Africa: To The Women Who Feed the World


Many have warned that if women's unpaid work were to be duly counted, the economic model as we know it would fall apart. Yet, are we aware of how the world would be fed if women in the rural areas simply stopped?

According to UN reports, the share of women in the agricultural labor force [PDF] comprises just over 40 percent in the "developing world", ranging from about 20 percent in the Americas to almost 50 percent in Africa. These figures may be enough to grab our attention, but fall far short of the real numbers when all the work undertaken by women throughout the production, processing and distribution of food is taken into account. The reality then is, numbers are much higher.

To have an image of the production value of women in the food system – agribusiness dominated - one has to consider the producers who depend on farming, fisheries, livestock rearing, gardening and gathering of forest food. One must think of the women working on the tea plantations in India and in the cotton fields of Burkina Faso, or of the afro-descendant peasant women in the Cauca region of Colombia.

Yet beyond these recognized as "agricultural activities", other important jobs are carried out by women, crucial to the production process. Take a moment to think about the mother, sister and daughter sewing fishnets, preparing family food for the day, fetching water and firewood, and cultivating small plots of vegetables for household use. These are simply not accounted for, even if they have a significant impact on our lives and the global economy.

If women are so essential, the world should wonder why women in the rural world tend to end up at the bottom of the food chain. A civil society report about Nepali women points to a recent phenomenon called "the feminization of agriculture": the poorer the area, the higher women's contribution as subsistence farmers or as low paid casual agricultural workers. Women jobs in the rural areas are usually seasonal, part-time and low-wage. In addition, their household chores, necessary for social reproductive labor, are unpaid by employers, undermined by society and unrecognized by legislation.

The reality lived by women is not news for governments, international financial or development institutions, nor corporations. Unfortunately, problem-solving or awareness raising to tackle the issue has often failed. Women's plight is normally neglected or ignored, and in the instances where solutions to the multiple forms of exploitation they are subjected to are offered, they are dubious at best.

Disguised under the premises of corporate social responsibility or via misinterpretation of women's human rights postulates, both the participation of affected women and their capacity to overcome these threats have been reduced to - top-down - "empowerment" or so-called "gender mainstreaming" projects. These corporate-driven solutions have frequently incentivized mischievous "multi-stakeholder" dialogues that prioritize profit over the concerns and needs of women. Likewise, they have tended to favor the application of a certain restrictive gender perspective in order to introduce women into exploitative labor markets and expose them to microcredit programs that legitimize, what feminists, such as Nancy Fraser, have called "marketization and state retrenchment".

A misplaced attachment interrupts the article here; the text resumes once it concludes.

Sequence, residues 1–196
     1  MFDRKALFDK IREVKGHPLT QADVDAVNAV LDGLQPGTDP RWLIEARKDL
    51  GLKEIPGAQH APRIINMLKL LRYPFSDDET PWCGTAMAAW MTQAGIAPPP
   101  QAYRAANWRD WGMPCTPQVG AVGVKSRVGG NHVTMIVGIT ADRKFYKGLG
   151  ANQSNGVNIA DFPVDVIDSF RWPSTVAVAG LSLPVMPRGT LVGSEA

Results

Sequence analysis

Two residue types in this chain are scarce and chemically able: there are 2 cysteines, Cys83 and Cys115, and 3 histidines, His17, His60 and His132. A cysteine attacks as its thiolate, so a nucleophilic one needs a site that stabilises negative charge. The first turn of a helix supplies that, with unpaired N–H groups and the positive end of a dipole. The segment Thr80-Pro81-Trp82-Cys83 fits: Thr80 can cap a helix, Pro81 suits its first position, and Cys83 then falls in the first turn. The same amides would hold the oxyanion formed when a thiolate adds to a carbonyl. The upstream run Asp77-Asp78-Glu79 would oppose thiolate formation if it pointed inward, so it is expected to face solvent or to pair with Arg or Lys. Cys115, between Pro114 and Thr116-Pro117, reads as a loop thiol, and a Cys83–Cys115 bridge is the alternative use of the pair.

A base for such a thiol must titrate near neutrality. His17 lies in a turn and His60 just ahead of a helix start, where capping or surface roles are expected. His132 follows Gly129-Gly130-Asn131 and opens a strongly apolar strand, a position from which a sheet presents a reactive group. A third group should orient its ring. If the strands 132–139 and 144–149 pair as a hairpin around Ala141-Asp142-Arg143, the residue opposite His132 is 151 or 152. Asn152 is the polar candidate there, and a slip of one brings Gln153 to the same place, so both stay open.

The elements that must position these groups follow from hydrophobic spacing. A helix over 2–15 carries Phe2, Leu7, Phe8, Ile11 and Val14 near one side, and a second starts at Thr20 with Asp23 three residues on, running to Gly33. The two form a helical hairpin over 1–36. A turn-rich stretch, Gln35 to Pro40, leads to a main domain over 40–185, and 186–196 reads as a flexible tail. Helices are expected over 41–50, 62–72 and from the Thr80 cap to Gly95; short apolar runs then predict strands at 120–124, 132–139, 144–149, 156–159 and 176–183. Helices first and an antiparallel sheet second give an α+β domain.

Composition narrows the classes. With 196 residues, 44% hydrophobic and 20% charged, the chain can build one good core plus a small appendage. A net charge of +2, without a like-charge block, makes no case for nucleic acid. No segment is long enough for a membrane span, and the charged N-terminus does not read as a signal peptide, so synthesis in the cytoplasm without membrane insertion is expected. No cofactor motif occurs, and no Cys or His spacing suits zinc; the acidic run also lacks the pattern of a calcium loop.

However, in the face of adversity, women in rural areas are constantly striving to transform their conditions. Thus, to think of the faces of women in the rural world, one must also think about the strong and courageous woman leading the fight against mining activities and corporate agriculture, sustaining the struggle for land reclamation and protection of their commons, be it through housework or political leadership, or even by seed saving.

Conquests towards emancipation have also found a way to be reflected in the today's human rights norms. Urged by organized women worldwide, advances in this respect relate to the recognition of women in the rural areas as specific right-holders of equal pay, access to productive resources, land, seeds, and water, and other public services, frequently out of reach. What's more, the universal human rights system has begun to conceptualize about state-based violence towards rural women, and the disproportionate violation of their rights when confronting the business sector.

With a human rights declaration recognizing the rights of peasants and other people working in the rural areas on the way to UN Headquarters in New York , the status quo could significantly change. Thanks to the international peasant movement , the rights of rural women are about to enter into an international human rights instrument that not only recognizes and protects their roles in the food system, but also which proposes the autonomy of the peoples to decide on their food system based on agro ecological dynamics, local markets and cultural identity.

Today, International Day of Rural Women, one must recall the women defying a globalized unjust economic system. A system that is generally conceived as rent-seeking, exploitative of people and natural resources, highly growth oriented, and which tends to see women as an economic opportunity rather than human beings. One must pause and praise the women that feed the struggle for a better and more favorable world in the battle for social justice.

Andrea Nuila Herrmannsdorfer is Women's Rights Coordinator at FIAN International, a human rights organization working for the right to food and related rights worldwide.

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